The American Open is one of the biggest competitions that USA weightlifting (USAW) puts on each year. Hundreds and hundreds of athletes and coaches from all over the country gather to compete. Whether you have good competition experience or a bad one, it is an important experience. Attending a national meet is very different than a local meet. I just wanted to spend some time discussing the experience we had as a team down in Orlando this year.
We had two athletes from Kingfield Barbell compete, Chris and Andrea. They did an amazing job! We discussed their results in our last post. In this post, I wanted to talk a little more about the different coaching styles they respond to best. We had three coaches: Josh, Danny and Zach, the owner and head coach of Strength Ratio down in North Carolina. Andrea went into the competition with the goal of qualifying for USAW Nationals. The biggest thing for her was to stay calm and not overthink her lifts. The only thing Andrea was allowed to do was lift when we said, put her headphones in and jam out, and sit when she wasn't hitting warm-up attempts.
For Chris, our approach was a little different. We ended up trying to qualify for USAW Nationals but the main goal was to build confidence and keep him out of his own head. Chris, being a coach himself, wants to be a coach and an athlete at the same time. It is difficult to do this because you spend time analyzing yourself before you go onto the platform. It was important for us to tell Chris that he was an athlete ONLY. He didn't need to coach himself, just lift when we told, sit when told.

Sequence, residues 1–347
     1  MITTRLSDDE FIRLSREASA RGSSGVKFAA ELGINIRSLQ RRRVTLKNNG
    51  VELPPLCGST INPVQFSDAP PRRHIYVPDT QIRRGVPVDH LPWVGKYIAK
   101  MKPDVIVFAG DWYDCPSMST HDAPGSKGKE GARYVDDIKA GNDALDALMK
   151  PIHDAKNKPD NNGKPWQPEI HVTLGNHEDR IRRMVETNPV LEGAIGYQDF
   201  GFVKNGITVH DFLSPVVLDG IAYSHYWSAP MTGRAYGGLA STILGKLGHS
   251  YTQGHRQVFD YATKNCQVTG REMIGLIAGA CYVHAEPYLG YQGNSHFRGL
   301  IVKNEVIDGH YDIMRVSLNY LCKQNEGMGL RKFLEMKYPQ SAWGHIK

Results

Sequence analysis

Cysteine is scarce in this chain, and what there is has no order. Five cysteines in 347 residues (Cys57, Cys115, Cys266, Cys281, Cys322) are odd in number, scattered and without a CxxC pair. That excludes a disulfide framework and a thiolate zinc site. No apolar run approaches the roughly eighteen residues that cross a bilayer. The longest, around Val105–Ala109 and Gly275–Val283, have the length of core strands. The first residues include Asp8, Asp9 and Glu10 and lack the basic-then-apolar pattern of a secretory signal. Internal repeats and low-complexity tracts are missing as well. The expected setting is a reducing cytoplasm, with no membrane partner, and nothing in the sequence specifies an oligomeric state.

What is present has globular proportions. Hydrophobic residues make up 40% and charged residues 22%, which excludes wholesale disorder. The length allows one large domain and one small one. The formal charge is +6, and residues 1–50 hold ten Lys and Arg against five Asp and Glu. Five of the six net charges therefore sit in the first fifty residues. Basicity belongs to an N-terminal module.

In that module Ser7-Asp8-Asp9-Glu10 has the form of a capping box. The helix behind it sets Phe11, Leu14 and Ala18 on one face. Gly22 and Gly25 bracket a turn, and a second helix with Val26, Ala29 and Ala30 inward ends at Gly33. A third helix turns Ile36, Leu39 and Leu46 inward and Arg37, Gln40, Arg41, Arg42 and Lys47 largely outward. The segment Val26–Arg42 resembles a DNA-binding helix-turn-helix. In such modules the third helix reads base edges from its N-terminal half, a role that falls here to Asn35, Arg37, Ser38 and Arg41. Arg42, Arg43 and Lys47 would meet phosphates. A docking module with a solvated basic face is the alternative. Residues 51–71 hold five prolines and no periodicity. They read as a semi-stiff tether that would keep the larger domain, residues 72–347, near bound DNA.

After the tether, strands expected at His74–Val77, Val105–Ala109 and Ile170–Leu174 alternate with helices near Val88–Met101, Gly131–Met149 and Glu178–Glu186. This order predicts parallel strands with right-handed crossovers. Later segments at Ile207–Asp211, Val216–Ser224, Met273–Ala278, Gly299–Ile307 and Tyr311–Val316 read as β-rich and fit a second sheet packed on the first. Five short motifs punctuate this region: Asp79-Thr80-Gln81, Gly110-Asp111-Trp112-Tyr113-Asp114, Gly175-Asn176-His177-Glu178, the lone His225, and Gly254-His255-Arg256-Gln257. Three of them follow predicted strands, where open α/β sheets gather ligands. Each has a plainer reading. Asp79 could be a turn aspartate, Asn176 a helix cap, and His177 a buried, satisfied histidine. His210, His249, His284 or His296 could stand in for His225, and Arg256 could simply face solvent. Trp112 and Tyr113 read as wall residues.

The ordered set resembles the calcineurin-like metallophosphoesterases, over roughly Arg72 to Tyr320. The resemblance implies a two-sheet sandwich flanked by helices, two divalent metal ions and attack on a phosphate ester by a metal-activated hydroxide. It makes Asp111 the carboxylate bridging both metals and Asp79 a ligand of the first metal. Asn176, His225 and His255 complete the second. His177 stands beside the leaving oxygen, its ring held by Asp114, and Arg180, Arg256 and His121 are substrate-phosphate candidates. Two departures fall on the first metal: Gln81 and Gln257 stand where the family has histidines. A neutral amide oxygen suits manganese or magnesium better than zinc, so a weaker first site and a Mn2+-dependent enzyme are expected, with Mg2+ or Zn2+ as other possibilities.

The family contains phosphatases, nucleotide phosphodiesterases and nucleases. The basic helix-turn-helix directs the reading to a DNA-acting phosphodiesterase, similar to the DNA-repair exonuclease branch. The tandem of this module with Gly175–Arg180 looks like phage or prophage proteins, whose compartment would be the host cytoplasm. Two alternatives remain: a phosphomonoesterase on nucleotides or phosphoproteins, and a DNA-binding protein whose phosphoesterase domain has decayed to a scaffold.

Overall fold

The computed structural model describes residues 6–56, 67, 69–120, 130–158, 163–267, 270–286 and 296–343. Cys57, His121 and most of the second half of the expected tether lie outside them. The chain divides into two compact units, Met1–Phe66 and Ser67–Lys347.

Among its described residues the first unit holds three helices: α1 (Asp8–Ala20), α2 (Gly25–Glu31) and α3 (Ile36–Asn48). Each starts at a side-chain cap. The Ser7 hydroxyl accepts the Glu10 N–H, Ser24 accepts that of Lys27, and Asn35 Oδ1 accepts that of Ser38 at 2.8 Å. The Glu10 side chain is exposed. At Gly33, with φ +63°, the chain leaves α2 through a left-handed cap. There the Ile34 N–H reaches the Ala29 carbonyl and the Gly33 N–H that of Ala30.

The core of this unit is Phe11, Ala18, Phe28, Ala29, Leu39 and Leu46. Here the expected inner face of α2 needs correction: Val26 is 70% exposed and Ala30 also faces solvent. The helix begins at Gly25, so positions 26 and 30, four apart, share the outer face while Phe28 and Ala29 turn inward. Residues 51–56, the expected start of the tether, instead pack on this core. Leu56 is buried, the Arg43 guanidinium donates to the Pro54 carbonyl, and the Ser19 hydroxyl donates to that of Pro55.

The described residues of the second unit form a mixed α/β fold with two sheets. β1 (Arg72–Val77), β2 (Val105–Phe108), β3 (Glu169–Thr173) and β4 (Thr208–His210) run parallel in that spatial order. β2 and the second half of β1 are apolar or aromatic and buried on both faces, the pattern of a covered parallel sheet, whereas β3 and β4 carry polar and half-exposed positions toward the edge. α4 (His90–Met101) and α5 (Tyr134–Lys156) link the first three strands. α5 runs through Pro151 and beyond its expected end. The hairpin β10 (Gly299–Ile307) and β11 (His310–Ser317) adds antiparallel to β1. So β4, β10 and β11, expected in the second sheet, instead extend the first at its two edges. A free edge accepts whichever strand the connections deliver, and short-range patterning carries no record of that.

Andrea responded to more relaxed coaching, a go-with-the-flow type mentality. Chris responded better to being told he was the athlete and to get hyped. We did a lot of dancing in the back to get him amped up. It was a big meet for both of them and we couldn't be more proud.
We also coached other athletes at the American Open. We helped our friends at Strength Ratio when their lifters. On Friday, we were there for 17 hours - that was a lot of weightlifting! One thing we noticed by the end of the day was that the style of coaching in the warm-up room varies greatly. Some coaches would give their athletes five or six cues before they would go up onto the platform. I'm not sure about you guys, but I lose track after about two cues. When an athlete hears all of these cues, it is almost like decision paralysis sets in. Which cue was more important? Which cue pertains to the situation right now? It is important to remember to keep it simple for your athletes. It is important to trust your athlete, trust their training and trust yourself as a coach.
We are looking forward to our next chance to coach, compete and refine our practice. Orlando was a fun time and it is always rewarding to see your athletes have success. Next stop: Nationals*!
*USAW Nationals will be held May 11-14 in Chicago, IL.